Warren, Clinton, and the Demo divide

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Talk about a contrast.

Tonight was all about the two sides of the Democratic Party, the two visions of how the party should approach policy, two utterly divergent approaches to the world that can hardly even be called "wings" of one party. And yet, they both got rousing cheers -- and even the progressives were all hot about ol' Bill.

Okay -- the guy's a pro. He's one of the best off-the-cuff, unscripted public speakers in America, even if he doesn't know when he's done. He had all the right talking points, all the great ways to demolish everything that the Romney team has been saying. He can talk about the "real world" from experience, since for eight years he sorta ran it.

But let's remember -- this is the guy who threw millions off welfare (and now brags about it), who was responsible for the deregulation of Wall Street and the telecom industry, a guy who the financial world loved and whose policies were pretty close to what the mainstream of the Republican Party supported just a few years earlier.

I got to meet Clinton a few years ago at an alternative newsweekly convention in Little Rock, and I asked him why he didn't consider same-sex marriage a civil-rights issue. He ducked and said in essence that America wasn't ready for it.

And just before he took the stage, Elizabeth Warren -- who talks seriously about regulating big business, who wasn't afraid to say "corporations are not people" -- was on stage. She talked like a member of the Democratic Wing of the Democratic Party, like someone who believes that too few have too much at the expense of the rest of us.

It's not odd to have a wide spectrum of opinion in a major political party (except that the GOP doesn't allow that any more). But it's startling to see two speakers who might as well come from different planets, not just different parties, sharing the podium -- and getting the same wild applause.

I get it -- it's all about the show. But it's also all about people forgetting what Clinton was about.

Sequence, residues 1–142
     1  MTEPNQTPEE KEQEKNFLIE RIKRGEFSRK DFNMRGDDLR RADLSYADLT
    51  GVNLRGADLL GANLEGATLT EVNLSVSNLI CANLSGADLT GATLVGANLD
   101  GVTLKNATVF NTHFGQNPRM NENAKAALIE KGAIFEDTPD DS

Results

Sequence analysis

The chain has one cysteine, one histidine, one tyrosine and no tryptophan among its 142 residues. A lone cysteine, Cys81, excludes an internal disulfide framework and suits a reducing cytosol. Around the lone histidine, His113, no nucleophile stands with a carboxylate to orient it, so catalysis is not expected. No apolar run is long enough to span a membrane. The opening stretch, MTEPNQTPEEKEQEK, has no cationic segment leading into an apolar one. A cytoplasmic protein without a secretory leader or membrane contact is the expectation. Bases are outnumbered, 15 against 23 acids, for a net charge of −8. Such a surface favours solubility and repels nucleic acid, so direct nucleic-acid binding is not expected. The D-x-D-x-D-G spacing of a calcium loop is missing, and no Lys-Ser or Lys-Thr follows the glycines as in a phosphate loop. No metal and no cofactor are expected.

Comments

Should have asked Clinton why he thought that gays in the military WAS a civil rights issue that America was ready for or why he abandoned the bread and butter civil rights issues that America WAS ready for, economic protections from discrimination in housing and the workplace.

The answer was that the gay ATM, wealthier more conservative gay white men, demanded that the HRC and Democrats meet their narrow needs, military and marriage, first or else no money.

Having filed lawsuits for marriage in the late 1980s, those lawsuits ripened during Clinton's term and having sold out the country to NAFTA and lost Congress, Clinton folded with DOMA. That was because marriage was not a priority for most LGBT in the 1990s and was not supported by the general public.

If Warren is having a tough time making a go of it in Massachussets against Scott Brown and if the Democrats could not appeal to Wisconsinites, then the party is dying, it is just a matter of time before it collapses on the savannah.

Posted by marcos on Sep. 06, 2012 @ 6:25 am

The contrast is that Clinton got elected as President twice, and Warren is going to lose her Senate race by a considerable margin, before she sinks back into obscurity. (How **is** Martha Coakley doing these days, anyway?)

Posted by Guest on Sep. 06, 2012 @ 12:12 pm

Clinton was elected once on a center left platform. He then passed NAFTA and his base stayed home in 1994 costing Clinton the House and Senate. No problem for Clinton, he just triangulated himself into a victory over the hapless Bob Dole and was paralyzed for his second term into passing welfare reform, repealing Glass Steagall and passing the CFMA, what could possibly have gone wrong with that?

Posted by marcos on Sep. 07, 2012 @ 7:28 am

He was in Indonesia visiting with our nice friend General Suharto and responded to a question posed by a reporter there. The triumphant House Speaker (-to be) Newt Gingrich had made a statement about how we needed prayer back in schools here, and Clinton was asked what he thought: he had nothing but positive noises to make about the idea.

Really, it *is* a scam. *Only* local politics matters -- now more than ever.

Posted by lillipublicans on Sep. 07, 2012 @ 10:33 am